Celebrate Recovery is a Christ-centered 12-step recovery program designed to help you overcome a wide range of difficulties in life, including:

These are just a few of the most common reasons that someone comes into Celebrate Recovery, but really, it’s designed to help anyone suffering from any major issue in life by following a 12-step program rooted in Christian ideals, values, and teachings.

Because this program goes beyond the realm of substance abuse recovery, it’s necessarily more generalized, which is not necessarily a bad thing–it’s a holistic approach that acknowledges the interconnectedness of your physical, emotional, and spiritual well-being.

For many people suffering from substance use disorder, it can be helpful to go to a program where there are many people suffering from many different issues, especially if they have trouble identifying with others in Alcoholics Anonymous (AA) or another substance-centered fellowship.

This is because many people in these programs have had extreme consequences as a result of their addictions, which not everyone with SUD has experienced, whereas people who are suffering from other issues, like grief or food addiction, usually don’t have consequences that even approach the consequences SUD causes.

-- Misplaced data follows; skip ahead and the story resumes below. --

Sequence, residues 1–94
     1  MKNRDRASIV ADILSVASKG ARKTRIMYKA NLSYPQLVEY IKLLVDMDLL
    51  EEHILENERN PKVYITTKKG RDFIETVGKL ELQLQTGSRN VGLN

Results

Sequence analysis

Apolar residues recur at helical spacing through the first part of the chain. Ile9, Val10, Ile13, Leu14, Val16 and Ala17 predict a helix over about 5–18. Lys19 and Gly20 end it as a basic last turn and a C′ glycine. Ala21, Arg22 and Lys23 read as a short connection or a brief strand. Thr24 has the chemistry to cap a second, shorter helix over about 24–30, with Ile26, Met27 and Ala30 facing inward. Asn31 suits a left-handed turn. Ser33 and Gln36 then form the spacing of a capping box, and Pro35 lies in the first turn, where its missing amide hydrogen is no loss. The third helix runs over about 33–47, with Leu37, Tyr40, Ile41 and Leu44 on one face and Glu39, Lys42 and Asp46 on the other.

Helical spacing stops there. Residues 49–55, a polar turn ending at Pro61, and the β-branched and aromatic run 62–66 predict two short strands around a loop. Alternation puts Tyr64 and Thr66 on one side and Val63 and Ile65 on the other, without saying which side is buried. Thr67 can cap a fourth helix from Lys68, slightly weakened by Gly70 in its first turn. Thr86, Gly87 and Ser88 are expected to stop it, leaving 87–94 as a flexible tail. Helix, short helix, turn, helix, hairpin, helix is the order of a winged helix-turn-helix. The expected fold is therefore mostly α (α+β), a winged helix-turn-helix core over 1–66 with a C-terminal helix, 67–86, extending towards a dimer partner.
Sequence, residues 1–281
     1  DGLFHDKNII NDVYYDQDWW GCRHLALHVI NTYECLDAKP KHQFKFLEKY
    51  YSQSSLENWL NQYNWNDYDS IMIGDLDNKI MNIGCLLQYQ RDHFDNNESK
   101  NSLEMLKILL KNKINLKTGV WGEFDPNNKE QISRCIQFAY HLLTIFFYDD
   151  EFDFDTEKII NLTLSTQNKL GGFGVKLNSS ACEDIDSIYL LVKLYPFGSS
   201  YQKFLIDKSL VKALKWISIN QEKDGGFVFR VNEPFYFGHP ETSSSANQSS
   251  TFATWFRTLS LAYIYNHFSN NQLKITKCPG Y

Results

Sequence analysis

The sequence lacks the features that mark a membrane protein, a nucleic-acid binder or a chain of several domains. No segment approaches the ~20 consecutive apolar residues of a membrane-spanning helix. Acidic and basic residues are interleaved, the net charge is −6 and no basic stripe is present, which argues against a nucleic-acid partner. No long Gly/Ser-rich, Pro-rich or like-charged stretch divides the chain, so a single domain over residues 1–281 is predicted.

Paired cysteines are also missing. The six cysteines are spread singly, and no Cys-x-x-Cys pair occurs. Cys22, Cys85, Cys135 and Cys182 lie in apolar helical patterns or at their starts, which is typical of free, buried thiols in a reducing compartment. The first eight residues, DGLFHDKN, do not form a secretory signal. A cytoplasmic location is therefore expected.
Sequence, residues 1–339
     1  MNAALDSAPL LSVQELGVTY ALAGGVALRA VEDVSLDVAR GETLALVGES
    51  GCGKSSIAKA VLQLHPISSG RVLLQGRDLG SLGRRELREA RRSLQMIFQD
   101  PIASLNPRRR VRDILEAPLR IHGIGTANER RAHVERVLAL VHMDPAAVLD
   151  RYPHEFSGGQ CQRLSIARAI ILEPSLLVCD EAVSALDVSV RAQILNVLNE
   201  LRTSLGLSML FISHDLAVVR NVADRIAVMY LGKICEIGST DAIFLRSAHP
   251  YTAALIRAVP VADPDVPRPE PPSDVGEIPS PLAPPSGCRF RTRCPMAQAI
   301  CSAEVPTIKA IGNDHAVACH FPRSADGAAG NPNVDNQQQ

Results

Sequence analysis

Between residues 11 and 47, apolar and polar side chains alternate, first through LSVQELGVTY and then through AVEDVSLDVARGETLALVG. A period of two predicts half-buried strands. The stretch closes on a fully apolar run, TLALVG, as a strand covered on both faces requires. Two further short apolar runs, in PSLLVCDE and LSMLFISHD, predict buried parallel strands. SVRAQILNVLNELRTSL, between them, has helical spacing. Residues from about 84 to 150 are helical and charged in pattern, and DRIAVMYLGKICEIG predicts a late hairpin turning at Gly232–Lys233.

However, one portion of Celebrate Recovery, the “Open Share Group,” is when members meet in issue-specific groups so that they can connect with people who are suffering from the same problems.

This ensures that there’s both a time to connect with everyone and a time to connect with people who have a deep understanding of the exact issues you’re facing, giving you the best of both worlds.

The foundation of Celebrate Recovery is rooted in Christian principles and is almost always found in a church–that is, the church itself will manage the program to some degree, though they might give most, if not all, governing power to the members of the program.

However, this does mean that it’s a program centered on the teachings of the bible and the belief in the tenets of Christianity. It tends to be most helpful to people who are Christian or who believe in Christianity. For all others, non-secular programs like AA might be a better fit.

The Benefits of Celebrate Recovery

Possibly the biggest benefit of Celebrate Recovery is that it gives you access to an understanding community, encouraging you to connect with others who are on a similar journey and who have the same core religious beliefs as you do. Through this shared experience, you’re able to more deeply connect with people in your church in a way you might not be able to do otherwise.

It’s easy in a church setting for people who suffer from these types of issues to feel like they’re alone, and this is in fact a common reason people stop going to church–they feel like no one there understands what they’re going through or identifies with their struggles.

At Celebrate Recovery, you’re able to join a group of people in your church who have a deep understanding of what you’re going through, making it easier to stay involved in church and to get the benefits that come from regular church attendance and involvement.